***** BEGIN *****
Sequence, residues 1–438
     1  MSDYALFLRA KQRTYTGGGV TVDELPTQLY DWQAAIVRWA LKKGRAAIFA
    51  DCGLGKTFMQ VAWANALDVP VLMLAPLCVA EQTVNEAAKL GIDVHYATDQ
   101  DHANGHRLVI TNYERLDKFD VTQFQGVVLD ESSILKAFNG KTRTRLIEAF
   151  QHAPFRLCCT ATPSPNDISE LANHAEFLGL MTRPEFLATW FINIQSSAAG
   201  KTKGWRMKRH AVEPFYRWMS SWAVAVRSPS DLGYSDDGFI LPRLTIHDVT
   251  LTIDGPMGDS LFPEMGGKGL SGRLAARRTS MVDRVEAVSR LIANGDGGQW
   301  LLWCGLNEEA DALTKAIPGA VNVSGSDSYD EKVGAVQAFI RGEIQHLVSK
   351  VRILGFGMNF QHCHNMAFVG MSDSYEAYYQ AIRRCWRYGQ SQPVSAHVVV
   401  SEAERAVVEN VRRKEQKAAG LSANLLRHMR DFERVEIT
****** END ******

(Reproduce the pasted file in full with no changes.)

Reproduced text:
Sequence, residues 1–438
     1  MSDYALFLRA KQRTYTGGGV TVDELPTQLY DWQAAIVRWA LKKGRAAIFA
    51  DCGLGKTFMQ VAWANALDVP VLMLAPLCVA EQTVNEAAKL GIDVHYATDQ
   101  DHANGHRLVI TNYERLDKFD VTQFQGVVLD ESSILKAFNG KTRTRLIEAF
   151  QHAPFRLCCT ATPSPNDISE LANHAEFLGL MTRPEFLATW FINIQSSAAG
   201  KTKGWRMKRH AVEPFYRWMS SWAVAVRSPS DLGYSDDGFI LPRLTIHDVT
   251  LTIDGPMGDS LFPEMGGKGL SGRLAARRTS MVDRVEAVSR LIANGDGGQW
   301  LLWCGLNEEA DALTKAIPGA VNVSGSDSYD EKVGAVQAFI RGEIQHLVSK
   351  VRILGFGMNF QHCHNMAFVG MSDSYEAYYQ AIRRCWRYGQ SQPVSAHVVV
   401  SEAERAVVEN VRRKEQKAAG LSANLLRHMR DFERVEIT